Missy Higgins and her band have been touring the country with some of Australia’s leading symphony orchestras joining her for these special concerts.
By day Brent Gray is an account manager for JPJ Audio in Melbourne but he is set free whenever Missy tours as he has been her front of house engineer since day one.
“I did her first ever gig with a band 12 years ago at the Evelyn Hotel and since then I’ve done most of her tours locally and overseas,” said Brent. “Missy has always had a broad range of instrumentation on her shows but nothing like a 50-piece orchestra before!”
Audio was picked up locally at every venue provided by the local JPJ office except for Perth. The orchestras, which were also picked up locally, came with their own FOH engineer who fed Brent stems to simplify matters.
“As we weren’t touring one orchestra it was better this way, even though each orchestra was playing from the same charts and we have the same conductor for most of the shows”, said Brent. “It’s quite an unknown quantity having only a couple of hours before the show with a group of people you’ve never heard play before.”
Brent mixed Missy’s band and received stems from the orchestra mixer; stereo strings, woodwind, percussion, brass and a couple of mono solo stems for instruments such as harp which played a significant role in several of the arrangements.
“Within those stems I received, the orchestra FOH mixer balanced the various sections within those groups happening for me, and I mixed them in with Missy’s band,” explained Brent. “At times there can be a lot going on and I found that Missy’s band was playing back a lot relative to its normal arrangements. It could get pretty epic and big so it was important to have that space which also meant at other times it quietened down to the point you could almost hear a pin drop. As a result I often found myself turning things down to allow other things to come through instead of creating focus through increased volume.”
There were still a few songs that Missy performed with just her band making an interesting juxtaposition. Brent ended up using a combination of different approaches to mixing depending on what is happening in that particular song or at that particular moment.
“Missy has a strong voice that tonally works very well with her Neumann KMS 105 microphone and she has great mic technique,” says Brent who treats Missy’s vocal with an SSL G channel strip on her vocal channels, a Puigchild 660 compressor on a mono vocal group and a standard onboard reverb.
“I generally just roll it off at about 130 hertz, pull a couple of db at 230 hertz and add a little bit of sparkle in the top end,” Brent added. “However, as Missy’s music is quite dynamic, I don’t compress her vocal on the channel, rather I buss it through a group so that I can mix her vocal in and out of the buss compression. Then if I need to turn it up or pull it back, I can control the compression with the fader. The 660 adds really nice harmonic distortion so I’m using it as a tonal effect as much as a compressor. Missy also has two vocal positions so I can treat them individually as required, regarding phase particularly, but then buss them both through that one compressor. I feed her vocal effects from this compressed signal via a PQ output which works really well in terms of getting a very present, even vocal with all the intricacies that you often miss live all whilst not having runaway effects due to a dynamic performance. Via the PQ I can also send the BVs to the same reverb from an auxillary send straight off those channels. I do the same thing with the snare and toms, it gives a lot of flexibility.”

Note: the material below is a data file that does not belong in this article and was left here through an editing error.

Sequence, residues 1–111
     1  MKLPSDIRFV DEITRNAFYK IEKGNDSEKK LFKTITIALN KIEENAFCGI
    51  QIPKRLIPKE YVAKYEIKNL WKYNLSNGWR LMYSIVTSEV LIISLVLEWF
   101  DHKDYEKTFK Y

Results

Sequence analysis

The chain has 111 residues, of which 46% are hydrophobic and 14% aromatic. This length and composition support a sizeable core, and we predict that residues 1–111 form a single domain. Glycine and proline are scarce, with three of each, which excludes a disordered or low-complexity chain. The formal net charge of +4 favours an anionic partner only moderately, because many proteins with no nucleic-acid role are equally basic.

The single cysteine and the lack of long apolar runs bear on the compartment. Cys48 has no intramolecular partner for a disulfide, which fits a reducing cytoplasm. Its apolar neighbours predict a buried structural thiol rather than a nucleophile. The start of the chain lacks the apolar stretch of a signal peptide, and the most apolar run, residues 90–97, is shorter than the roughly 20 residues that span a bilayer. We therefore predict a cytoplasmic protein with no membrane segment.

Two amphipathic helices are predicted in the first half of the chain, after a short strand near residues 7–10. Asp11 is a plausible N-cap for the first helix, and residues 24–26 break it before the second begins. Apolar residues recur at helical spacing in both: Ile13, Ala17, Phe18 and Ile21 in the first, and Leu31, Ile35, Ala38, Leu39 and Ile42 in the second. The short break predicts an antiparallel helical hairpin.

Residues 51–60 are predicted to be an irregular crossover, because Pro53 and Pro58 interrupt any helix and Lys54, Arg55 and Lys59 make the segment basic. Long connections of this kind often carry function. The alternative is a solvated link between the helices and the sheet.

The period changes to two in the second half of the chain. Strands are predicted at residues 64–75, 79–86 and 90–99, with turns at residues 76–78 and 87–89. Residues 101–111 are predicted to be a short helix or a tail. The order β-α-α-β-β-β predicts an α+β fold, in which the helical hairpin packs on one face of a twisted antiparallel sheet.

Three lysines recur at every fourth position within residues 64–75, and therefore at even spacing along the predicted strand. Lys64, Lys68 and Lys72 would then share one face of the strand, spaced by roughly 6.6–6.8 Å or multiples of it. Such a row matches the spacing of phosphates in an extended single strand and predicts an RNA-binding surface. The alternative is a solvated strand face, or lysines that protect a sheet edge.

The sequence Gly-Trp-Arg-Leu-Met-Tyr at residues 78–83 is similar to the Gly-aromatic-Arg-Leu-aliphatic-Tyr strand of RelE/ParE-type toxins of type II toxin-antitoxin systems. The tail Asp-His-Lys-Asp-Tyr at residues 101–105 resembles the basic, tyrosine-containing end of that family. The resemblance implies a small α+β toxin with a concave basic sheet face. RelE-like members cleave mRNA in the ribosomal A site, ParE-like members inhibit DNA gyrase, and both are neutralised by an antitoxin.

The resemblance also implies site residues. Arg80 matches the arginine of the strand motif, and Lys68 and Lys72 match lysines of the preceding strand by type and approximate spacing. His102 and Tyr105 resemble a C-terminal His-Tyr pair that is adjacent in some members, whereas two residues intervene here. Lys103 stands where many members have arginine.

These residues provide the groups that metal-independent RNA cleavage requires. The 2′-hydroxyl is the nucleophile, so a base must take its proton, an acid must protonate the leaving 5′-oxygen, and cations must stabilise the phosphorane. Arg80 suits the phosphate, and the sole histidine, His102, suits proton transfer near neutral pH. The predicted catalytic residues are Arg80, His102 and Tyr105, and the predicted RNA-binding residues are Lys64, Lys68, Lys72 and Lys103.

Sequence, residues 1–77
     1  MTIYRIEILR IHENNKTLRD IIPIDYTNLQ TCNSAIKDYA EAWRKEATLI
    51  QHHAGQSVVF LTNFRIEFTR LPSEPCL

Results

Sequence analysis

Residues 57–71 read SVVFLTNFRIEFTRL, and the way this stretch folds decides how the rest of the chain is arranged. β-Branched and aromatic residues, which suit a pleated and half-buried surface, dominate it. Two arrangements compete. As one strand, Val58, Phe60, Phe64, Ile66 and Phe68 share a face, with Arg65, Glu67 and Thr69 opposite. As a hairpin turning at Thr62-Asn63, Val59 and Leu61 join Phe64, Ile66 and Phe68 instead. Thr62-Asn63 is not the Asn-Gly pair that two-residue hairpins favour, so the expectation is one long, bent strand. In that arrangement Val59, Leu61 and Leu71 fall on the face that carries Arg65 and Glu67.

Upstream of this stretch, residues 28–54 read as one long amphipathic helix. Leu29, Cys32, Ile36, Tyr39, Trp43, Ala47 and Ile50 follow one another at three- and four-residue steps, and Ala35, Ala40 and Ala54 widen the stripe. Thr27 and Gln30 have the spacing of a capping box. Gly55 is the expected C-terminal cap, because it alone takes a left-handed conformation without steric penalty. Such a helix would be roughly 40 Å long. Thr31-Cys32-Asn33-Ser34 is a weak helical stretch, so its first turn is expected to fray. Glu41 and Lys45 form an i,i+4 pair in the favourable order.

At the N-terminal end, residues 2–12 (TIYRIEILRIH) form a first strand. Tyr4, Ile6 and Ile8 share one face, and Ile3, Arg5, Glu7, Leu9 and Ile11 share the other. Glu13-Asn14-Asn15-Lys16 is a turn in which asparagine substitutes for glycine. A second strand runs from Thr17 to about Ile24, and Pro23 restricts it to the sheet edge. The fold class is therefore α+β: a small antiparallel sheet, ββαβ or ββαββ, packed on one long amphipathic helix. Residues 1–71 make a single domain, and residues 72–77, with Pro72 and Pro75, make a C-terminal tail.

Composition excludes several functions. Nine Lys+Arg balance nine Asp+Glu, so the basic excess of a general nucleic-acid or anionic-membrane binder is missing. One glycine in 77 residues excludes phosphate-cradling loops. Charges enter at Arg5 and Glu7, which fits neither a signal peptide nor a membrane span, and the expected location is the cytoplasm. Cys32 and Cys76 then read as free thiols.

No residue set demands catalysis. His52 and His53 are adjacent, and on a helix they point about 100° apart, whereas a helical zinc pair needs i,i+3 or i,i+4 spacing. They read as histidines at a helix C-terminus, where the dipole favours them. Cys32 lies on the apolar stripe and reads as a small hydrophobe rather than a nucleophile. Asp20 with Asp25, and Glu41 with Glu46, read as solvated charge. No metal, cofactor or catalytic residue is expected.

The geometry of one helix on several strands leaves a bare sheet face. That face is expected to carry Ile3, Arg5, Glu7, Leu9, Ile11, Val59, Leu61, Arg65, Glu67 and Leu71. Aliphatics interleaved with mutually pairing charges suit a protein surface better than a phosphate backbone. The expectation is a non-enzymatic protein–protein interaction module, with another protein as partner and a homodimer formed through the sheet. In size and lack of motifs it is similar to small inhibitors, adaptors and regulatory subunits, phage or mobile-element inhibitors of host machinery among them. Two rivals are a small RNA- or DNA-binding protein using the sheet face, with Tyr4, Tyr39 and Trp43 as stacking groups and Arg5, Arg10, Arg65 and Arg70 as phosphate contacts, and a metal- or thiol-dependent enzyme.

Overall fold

Brent ran an Avid Profile at FOH with a few plugins that he relies on heavily such as the SSL4000 bundle, Puigchild 660, In-Phase, Revibe and Echo farm. “I use the Profile as a matrix mixer and for the snapshot system rather than for its tonal qualities. For tone I use the SSL channel strips on everything and buss compression. I use the In-phase plugin to line up Kick in and out, snare top and bottom, bass DI and Mic and then to create stereo spread in the guitar. Kicks, snares and basses are all bussed to a mono SSL buss compressor much like Missy’s vocal channels.”
Some orchestras came with their own microphones or else JPJ provided them. For Missy’s band Brent favours the Sennheiser e900 range saying they work well for the way he approaches mixing. There’s an Sennheiser e904 on the toms, a Beyerdynamic M88 and Sennheiser e901 on kick, Shure SM57 snare top and a couple of Neumann TLM 103 condenser mics on overheads. Shure KSM 32 and Sennheiser e906 are used on guitars for a bit of light and shade, whilst backing vocals are all using Sennheiser E935s.
“I really like the way that those mics work and sound, which is like you’d expect them to sound,” added Brent. “That’s just the way I mix, I like to get the band sounding like the band sound, just a bit bigger and a bit more polished.”
Monitor engineer Nathan Davis also used an Avid Profile running Sennheiser G3 in ears with no stage monitoring at all, with the exception of whatever is provided for the orchestra. With little sound onstage the conductor also used in-ear monitors.
“It was all nice and clean onstage which is good for me out front as I don’t have to battle with too much onstage sound which is a friendly environment for the orchestra,” Brent said. “In general, the State Theatre gigs were very successful and a fun challenge for me. I could mix quite quietly as everyone is close to the stage which gives a nice ambience to the show, especially one featuring an orchestra.”